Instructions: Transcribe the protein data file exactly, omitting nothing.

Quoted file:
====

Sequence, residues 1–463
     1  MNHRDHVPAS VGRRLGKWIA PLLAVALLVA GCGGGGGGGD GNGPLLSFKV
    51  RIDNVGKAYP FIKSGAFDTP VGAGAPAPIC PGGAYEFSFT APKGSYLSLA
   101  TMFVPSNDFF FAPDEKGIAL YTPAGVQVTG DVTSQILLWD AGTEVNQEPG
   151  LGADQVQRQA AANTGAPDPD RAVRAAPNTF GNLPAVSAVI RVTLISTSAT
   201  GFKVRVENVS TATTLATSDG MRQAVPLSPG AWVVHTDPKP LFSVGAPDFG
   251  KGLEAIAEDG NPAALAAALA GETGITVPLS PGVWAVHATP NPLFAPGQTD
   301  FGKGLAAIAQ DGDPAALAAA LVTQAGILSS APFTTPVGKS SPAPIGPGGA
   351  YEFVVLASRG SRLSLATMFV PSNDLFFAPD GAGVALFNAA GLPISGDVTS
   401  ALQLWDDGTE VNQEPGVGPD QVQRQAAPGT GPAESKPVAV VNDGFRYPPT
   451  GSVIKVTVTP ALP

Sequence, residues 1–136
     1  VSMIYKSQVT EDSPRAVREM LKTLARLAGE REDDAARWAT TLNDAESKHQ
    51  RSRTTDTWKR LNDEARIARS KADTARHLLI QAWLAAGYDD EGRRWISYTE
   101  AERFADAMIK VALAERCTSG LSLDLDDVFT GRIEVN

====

Sequence, residues 1–463
     1  MNHRDHVPAS VGRRLGKWIA PLLAVALLVA GCGGGGGGGD GNGPLLSFKV
    51  RIDNVGKAYP FIKSGAFDTP VGAGAPAPIC PGGAYEFSFT APKGSYLSLA
   101  TMFVPSNDFF FAPDEKGIAL YTPAGVQVTG DVTSQILLWD AGTEVNQEPG
   151  LGADQVQRQA AANTGAPDPD RAVRAAPNTF GNLPAVSAVI RVTLISTSAT
   201  GFKVRVENVS TATTLATSDG MRQAVPLSPG AWVVHTDPKP LFSVGAPDFG
   251  KGLEAIAEDG NPAALAAALA GETGITVPLS PGVWAVHATP NPLFAPGQTD
   301  FGKGLAAIAQ DGDPAALAAA LVTQAGILSS APFTTPVGKS SPAPIGPGGA
   351  YEFVVLASRG SRLSLATMFV PSNDLFFAPD GAGVALFNAA GLPISGDVTS
   401  ALQLWDDGTE VNQEPGVGPD QVQRQAAPGT GPAESKPVAV VNDGFRYPPT
   451  GSVIKVTVTP ALP

Sequence, residues 1–136
     1  VSMIYKSQVT EDSPRAVREM LKTLARLAGE REDDAARWAT TLNDAESKHQ
    51  RSRTTDTWKR LNDEARIARS KADTARHLLI QAWLAAGYDD EGRRWISYTE
   101  AERFADAMIK VALAERCTSG LSLDLDDVFT GRIEVN